Banks are discovering that holding other companies liable for cybercrimes committed against them is uncharted territory as authorities around the world sort out the details of a $45 million global bank heist that U.S. law enforcement officials exposed Thursday.
Because such attacks are rare and the sums stolen were so huge, the two Middle Eastern banks that were robbed face an uncertain path in trying to recover their losses, according to finance, insurance and legal experts.
The Bank of Muscat in Oman was worst-hit, losing $40 million, while the National Bank of Ras Al Khaimah PSC (RAKBANK) in the United Arab Emirates lost $5 million. Hackers broke in and raised withdrawal limits and account balances for thieves who tapped designated ATMs in 27 countries.
"We are exploring all avenues of recovery so as to protect shareholder interests and will advise the markets accordingly if there are any material developments in this regard," Muscat said in a statement.
Yet the path to recovery will be roundabout at best. The two banks could bring court claims against the companies that process the transactions, experts say, but those claims would depend on what specific contracts exist between the two parties. Some of them are industry-standard security contracts required by major credit card networks, but experts says that even if the processor failed to comply with security standards, banks may still be unable to get back their money because terms set by credit card companies typically limit the processor's liability.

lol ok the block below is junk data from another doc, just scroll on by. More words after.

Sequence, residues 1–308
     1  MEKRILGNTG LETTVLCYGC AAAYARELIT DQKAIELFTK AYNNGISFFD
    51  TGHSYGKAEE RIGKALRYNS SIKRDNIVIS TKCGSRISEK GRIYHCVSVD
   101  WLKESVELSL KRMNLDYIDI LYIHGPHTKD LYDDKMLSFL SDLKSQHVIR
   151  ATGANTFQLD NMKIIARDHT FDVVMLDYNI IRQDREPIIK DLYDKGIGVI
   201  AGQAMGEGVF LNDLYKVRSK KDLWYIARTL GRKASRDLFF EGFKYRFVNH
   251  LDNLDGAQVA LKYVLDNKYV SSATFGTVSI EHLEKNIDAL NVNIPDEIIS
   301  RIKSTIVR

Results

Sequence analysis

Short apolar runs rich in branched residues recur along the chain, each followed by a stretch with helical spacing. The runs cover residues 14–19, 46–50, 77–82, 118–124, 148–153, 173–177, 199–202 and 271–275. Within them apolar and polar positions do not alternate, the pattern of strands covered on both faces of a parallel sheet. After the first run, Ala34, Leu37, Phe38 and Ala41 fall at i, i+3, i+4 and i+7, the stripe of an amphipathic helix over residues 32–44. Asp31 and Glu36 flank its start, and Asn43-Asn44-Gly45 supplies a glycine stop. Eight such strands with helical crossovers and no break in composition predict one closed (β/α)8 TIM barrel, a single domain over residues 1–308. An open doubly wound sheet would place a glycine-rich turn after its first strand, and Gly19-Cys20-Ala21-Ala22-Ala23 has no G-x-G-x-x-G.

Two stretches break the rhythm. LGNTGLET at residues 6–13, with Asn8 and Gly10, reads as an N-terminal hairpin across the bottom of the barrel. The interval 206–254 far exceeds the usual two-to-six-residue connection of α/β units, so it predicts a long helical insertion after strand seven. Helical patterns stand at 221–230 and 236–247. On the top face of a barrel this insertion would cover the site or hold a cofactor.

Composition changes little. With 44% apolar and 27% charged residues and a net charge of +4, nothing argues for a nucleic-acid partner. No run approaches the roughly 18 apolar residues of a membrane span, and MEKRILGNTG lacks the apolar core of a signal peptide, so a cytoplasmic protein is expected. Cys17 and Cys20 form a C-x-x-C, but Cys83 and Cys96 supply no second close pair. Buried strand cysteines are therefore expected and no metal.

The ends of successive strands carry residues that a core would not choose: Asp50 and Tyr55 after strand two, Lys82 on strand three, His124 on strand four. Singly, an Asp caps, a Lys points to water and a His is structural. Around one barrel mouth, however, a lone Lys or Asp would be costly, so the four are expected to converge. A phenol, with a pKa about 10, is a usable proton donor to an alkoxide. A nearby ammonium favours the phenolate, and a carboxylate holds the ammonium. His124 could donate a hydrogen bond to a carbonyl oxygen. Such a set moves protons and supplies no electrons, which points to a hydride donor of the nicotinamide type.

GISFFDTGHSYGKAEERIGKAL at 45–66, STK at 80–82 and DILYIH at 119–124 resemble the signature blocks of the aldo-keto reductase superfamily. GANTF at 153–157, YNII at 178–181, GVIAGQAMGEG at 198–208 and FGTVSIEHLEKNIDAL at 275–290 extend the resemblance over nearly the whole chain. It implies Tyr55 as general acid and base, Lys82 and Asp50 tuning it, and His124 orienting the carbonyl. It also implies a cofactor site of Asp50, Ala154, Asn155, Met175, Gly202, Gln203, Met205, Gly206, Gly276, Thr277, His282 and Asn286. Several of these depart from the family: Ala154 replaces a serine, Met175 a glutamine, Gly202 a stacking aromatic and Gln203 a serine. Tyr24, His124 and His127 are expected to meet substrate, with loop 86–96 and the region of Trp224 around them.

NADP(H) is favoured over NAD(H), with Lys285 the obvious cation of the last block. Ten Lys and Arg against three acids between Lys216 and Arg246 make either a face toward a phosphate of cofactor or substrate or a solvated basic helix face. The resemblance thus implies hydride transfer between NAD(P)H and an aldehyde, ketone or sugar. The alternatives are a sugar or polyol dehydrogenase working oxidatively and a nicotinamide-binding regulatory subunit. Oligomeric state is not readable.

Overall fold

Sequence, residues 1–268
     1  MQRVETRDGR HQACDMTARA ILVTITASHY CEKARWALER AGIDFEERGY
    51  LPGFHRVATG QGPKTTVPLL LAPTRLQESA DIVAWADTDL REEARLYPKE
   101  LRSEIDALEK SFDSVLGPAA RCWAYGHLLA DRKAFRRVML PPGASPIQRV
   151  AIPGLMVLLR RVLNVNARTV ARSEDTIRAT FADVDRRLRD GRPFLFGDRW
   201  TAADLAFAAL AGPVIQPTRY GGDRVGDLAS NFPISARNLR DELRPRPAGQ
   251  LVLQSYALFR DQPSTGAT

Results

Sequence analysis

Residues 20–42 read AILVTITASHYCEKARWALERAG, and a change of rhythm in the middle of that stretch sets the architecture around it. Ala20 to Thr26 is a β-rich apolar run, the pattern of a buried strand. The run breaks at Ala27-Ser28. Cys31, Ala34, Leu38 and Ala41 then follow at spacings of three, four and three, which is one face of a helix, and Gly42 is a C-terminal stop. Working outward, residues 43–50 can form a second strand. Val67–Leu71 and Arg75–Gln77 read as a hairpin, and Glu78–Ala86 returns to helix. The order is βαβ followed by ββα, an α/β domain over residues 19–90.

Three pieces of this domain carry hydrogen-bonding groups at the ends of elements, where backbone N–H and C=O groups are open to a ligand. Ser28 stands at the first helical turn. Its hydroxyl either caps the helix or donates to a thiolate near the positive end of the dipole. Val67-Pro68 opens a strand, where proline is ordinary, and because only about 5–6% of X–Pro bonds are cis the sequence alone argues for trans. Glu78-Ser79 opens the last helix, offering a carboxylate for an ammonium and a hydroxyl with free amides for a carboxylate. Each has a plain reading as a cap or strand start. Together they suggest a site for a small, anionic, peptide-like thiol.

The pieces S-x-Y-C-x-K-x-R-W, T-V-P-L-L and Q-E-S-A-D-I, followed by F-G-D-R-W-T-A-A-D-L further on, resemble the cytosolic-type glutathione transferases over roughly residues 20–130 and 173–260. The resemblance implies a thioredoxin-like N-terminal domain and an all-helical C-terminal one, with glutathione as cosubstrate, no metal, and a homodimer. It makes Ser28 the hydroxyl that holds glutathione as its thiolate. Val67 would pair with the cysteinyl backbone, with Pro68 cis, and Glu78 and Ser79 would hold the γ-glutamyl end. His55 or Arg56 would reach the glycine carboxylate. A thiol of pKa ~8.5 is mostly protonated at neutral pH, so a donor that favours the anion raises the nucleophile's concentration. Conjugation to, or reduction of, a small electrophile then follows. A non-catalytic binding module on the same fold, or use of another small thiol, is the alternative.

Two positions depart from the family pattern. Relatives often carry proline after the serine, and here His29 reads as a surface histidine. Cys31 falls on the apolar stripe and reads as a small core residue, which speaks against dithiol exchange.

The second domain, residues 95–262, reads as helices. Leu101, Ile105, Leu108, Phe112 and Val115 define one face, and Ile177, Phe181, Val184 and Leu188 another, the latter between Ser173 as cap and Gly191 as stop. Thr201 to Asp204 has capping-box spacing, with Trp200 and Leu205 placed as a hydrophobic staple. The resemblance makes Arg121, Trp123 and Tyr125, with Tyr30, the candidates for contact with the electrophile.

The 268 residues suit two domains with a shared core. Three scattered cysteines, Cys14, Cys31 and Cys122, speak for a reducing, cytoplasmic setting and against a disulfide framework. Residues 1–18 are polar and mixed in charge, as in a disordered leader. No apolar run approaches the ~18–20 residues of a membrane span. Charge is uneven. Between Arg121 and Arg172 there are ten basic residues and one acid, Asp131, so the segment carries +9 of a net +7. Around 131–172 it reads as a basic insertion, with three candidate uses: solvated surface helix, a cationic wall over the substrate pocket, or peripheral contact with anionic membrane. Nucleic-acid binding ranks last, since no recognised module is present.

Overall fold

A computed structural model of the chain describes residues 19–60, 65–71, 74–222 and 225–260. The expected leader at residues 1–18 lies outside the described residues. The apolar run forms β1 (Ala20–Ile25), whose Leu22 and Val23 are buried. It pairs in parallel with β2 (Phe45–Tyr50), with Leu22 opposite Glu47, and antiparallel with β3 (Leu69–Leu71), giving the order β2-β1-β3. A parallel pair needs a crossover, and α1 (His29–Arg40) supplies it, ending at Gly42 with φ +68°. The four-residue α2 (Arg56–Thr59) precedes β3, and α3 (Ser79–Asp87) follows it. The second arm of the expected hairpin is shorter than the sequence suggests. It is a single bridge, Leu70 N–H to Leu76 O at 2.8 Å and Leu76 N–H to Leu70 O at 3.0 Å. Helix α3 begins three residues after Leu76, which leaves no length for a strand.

"They can't make everybody whole, or they'll be out of business," Michael Klaschka of Integro Insurance Brokers told Reuters. "The bank may have very little recourse against the credit card processor."
The banks could also file claims with insurance companies, both through their own insurers or through those of the processing companies. In turn, the insurers could press claims against the processing companies or against their insurers. Although some banks have invested in available coverage against cybercrime, it is not known if Bank of Muscat or RAKBANK carried cyber insurance. In fact, the market for such policies is still quite new and nonstandard.
U.S. prosecutors will also seek restitution for the banks from the eight New York suspects arrested in the case, but the amount of funds available likely won't approach the total $45 million stolen.
"It's certainly possible that the bank could be left holding the bag," Frederick Rivera of financial services law firm Perkins Coie told Reuters.
Then there is the question of jurisdiction. Since both banks are located in the Middle East and one of the processing companies is based in India, it is unclear which court would have jurisdiction over the case. Still, credit card companies impose rules on banks and processors that apply across jurisdictions.
Malik Singleton covers manufacturing and other economic news. His previous roles were with City Limits, TIME.com, Black Enterprise and PCMag.com. He is an adjunct at CUNY's...